• Robin
    2019-05-19 19:26

    This is yet another suggestion from a Goodreads acquaintance and, once again, I was not disappointed! The author's reflections on her life and times is very insightful. I'm guessing that she is close to my own age but has gone through a very different life than I have, especially since she was unable to bear children, a heartbreak that I know nothing about. I admire the author's courage to relocate to NYC after living most of her life in the middle part of the country.

  • Rachel Romeo
    2019-05-09 23:20

    This is a great little book filled with short essays about the author as she chronicles a major move in her life in her mid-forties. Any woman who has had to start over because she needed to or wanted to, should pick this up as her tales are all too familiar. She divorces, moves to New York, hosts a radio show and figures out the big city along the way. If you've ever been unsure of yourself, you will gain confidence reading her essays.

  • Catherine
    2019-04-26 00:18

    Katherine Lanpher writes about her move from Minnesota to New York to be Al Franken's sidekick on Air America. This book was a quick read with some interesting stories about her life and the turn of events that led to her move to New York. There was nothing about this book that knocked me out, but there were some interesting stories about her life.

  • Sunny
    2019-04-20 23:18

    I had high hopes for this memoir. The first few chapters were intriguing. Somewhere in the middle it fell flat. I loved the stories about learning to live and thrive in NYC, however, Lanpher leaves that thread and goes off in different directions and waxes on about her life. Truly, I was bored.On the plus side, the book is very well written.

  • Leticia
    2019-05-16 02:32

    I worked with Katherine when I was an intern my senior year in college on her mid-morning call-in show at Minnesota Public Radio. It as interesting to the say the least to read more indepth about her life.

  • Julie M
    2019-04-22 21:05

    Read cover-to-cover during a 'snow' day in Owatonna. Great loss to St. Paul, great gain for NYC. I could relate to so many of her habits, likes/dislikes and of course we're nearly the same age so all her references were spot on with mine (Barbies, the Midwest, journalism in the '80s, etc.)

  • Lisa McAllister
    2019-04-30 23:21

    There were moments I really enjoyed this- but it tended to go back and forth thru her memories and events that it was hard to really get into it. I just kept waiting to get to the end to see if it would be satisfying...but it just kind of ended with a dud.

  • Sue
    2019-04-19 01:30

    One of the better chronicles I've read of late. Crisp writing and lots of points. Maybe you really should wait until you have enough interesting experiences to fill a book to write one.

  • Teesa
    2019-05-18 00:29

    Just OK. I was disappointed with the tone of this book, maybe it's my own mood based on my own situation. Looking for more in this book and not finding it.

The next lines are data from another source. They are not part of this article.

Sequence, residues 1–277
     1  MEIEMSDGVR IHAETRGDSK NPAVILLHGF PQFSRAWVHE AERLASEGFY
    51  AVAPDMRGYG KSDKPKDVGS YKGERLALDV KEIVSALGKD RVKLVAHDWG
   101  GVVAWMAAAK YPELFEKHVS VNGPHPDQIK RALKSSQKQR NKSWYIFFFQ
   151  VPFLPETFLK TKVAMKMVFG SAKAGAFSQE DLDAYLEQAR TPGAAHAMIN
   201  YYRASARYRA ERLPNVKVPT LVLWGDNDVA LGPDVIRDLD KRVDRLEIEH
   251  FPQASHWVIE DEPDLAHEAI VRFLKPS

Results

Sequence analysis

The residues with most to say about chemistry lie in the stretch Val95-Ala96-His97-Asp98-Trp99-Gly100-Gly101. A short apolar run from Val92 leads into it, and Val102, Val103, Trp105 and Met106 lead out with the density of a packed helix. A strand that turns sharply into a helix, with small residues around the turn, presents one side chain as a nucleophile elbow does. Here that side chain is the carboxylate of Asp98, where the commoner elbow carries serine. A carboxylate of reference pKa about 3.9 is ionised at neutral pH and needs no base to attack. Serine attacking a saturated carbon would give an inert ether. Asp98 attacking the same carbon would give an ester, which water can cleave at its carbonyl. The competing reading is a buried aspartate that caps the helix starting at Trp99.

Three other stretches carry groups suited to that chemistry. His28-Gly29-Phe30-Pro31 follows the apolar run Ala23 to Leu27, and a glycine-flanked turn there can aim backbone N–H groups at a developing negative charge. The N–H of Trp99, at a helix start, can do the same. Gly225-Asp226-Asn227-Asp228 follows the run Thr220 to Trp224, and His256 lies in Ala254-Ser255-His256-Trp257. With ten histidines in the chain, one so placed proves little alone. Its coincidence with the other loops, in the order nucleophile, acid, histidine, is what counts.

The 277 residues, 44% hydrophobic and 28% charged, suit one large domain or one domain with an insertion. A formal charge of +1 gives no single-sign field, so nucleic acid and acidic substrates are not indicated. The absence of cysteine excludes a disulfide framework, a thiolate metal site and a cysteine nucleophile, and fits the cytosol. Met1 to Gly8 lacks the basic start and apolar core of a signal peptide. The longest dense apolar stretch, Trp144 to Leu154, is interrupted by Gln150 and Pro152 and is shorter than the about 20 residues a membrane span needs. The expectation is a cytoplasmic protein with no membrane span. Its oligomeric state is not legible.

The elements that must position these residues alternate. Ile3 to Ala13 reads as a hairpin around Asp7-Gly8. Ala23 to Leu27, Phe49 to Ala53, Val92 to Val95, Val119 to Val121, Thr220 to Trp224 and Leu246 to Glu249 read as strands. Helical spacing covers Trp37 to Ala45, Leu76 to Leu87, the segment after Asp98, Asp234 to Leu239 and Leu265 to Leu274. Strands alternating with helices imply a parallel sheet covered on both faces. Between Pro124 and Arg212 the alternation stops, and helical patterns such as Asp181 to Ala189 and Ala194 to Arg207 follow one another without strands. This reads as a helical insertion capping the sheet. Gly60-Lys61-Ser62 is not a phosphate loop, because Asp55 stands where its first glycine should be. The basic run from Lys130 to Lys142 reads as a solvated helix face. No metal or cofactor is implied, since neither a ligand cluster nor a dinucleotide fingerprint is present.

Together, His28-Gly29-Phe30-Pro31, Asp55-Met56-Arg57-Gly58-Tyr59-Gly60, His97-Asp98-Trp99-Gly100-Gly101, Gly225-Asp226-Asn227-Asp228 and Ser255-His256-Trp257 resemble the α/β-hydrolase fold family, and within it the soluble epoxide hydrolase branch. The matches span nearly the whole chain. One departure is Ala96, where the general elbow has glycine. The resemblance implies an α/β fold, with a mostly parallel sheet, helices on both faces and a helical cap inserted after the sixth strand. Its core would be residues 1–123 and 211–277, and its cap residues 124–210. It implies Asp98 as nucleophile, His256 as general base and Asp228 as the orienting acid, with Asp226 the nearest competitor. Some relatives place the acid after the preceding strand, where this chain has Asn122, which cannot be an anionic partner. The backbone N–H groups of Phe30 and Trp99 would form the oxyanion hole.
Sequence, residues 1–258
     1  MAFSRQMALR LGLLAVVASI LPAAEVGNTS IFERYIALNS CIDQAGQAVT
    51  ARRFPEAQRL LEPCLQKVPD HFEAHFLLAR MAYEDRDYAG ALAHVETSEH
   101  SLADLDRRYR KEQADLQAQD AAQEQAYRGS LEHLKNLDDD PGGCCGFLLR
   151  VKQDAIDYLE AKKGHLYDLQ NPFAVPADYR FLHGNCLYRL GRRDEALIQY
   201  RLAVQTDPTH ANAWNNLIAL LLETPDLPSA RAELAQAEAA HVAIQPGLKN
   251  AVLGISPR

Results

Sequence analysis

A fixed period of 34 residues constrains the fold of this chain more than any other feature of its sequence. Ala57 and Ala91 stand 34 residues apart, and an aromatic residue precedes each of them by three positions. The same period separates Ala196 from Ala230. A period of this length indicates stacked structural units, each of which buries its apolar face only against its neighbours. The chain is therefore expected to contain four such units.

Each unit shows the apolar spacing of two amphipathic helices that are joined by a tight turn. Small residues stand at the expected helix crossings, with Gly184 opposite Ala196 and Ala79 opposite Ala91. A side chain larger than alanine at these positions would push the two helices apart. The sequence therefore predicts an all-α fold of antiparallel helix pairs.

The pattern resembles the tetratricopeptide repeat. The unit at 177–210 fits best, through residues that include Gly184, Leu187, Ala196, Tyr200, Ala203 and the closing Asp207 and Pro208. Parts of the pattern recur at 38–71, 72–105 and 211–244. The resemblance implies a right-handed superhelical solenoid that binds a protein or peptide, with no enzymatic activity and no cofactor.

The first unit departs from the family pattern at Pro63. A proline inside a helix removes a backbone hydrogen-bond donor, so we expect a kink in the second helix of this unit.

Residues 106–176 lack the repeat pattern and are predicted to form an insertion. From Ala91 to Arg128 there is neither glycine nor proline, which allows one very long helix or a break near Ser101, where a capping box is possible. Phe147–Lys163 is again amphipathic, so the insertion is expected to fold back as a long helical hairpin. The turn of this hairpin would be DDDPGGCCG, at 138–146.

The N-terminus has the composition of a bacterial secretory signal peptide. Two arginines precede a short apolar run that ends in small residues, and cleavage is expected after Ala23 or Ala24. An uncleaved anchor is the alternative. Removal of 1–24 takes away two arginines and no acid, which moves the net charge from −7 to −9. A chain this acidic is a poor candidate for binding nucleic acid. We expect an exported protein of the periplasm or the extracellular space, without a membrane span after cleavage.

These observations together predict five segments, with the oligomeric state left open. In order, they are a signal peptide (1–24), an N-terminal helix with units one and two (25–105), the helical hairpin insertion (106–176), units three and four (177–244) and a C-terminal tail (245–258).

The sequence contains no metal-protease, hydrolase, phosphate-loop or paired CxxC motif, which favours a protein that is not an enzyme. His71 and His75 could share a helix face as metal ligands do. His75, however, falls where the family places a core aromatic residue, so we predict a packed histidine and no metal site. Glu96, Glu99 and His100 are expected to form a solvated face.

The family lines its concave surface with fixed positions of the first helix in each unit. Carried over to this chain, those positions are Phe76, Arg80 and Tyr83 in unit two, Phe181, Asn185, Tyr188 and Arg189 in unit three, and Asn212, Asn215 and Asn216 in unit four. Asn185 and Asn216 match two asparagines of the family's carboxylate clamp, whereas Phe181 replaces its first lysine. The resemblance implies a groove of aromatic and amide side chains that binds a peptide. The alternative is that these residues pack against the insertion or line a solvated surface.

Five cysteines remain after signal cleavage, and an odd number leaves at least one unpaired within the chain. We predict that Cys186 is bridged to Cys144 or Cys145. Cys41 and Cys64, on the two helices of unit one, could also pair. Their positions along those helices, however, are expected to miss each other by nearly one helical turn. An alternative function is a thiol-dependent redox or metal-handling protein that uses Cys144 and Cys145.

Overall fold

• JodiP
    2019-05-13 21:12

    I thought this a fair book. I really think if you weren't from Minneapolis and knew of some fo the palces and people, it wouldn't have been so interesting.

  • Lisa C.
    2019-05-14 01:18

    Loved this book as I made the opposite move at midlife- from a big city on the east coast to the Twin Cities as a single woman. Big transition!

  • Carrie Pirmann
    2019-04-25 22:17


  • Kathy Szydlo
    2019-05-18 01:29

    Well known host on Minnesota Public Radio moves to New York City. Well written and enjoyable, especially if you've heard and remember Katherine's warm voice and hearty laugh.

  • Ellen
    2019-05-03 19:33

    As seen on No Hurry In J.C..

  • Karen
    2019-04-26 22:14

    "Turns out, I like to leap,"Lanpher confesses in "Flying Lessons," an essay about trapeze instruction that opens the spirited collection. Lanpher, a freelance journalist, seems almost breezy about her own bravery. Her wry pieces are inspired by her own '04 move to Manhattan on, yes, a Leap Day, when she leaves her native Minnesota to join Al Franken as cohost on Air America Network. Behind her are a successful career at the 'St. Paul Pioneer Press', an unsuccessful marriage and a younger woman's belief in endless possibilities. "When the offer came...I took it. I wasn't sure how many more chances would come my way," writes Lanpher, then 44. What the midlife adventurer brings with her are warm memories of her childhood in St. Paul (which she shares in several essays) a love for people and a reporter's eye for the theater of public life. "I think of the city as this instrument I can play simply by walking down its sidewalks.," she writes, "setting off a trip wire that prompts the street scene, the encounter, the overheard conversation." Lanpher quickly grasps the art-versus-reality question that is endemic to Manhattan. She thinks Law and Order is shooting on her street the day she sees a medics wheeling a body from a house around the corner. Then she asks a bystander, "What happened?" "Murder," says her informant. With its quirky observation and self-depreciating humor, Lanpher's inspiring story is about an eagerness to immerse herself in other cultures - a newsroom, a new city- and emerge intact and enriched. High flying, indeed. #peoplemagazine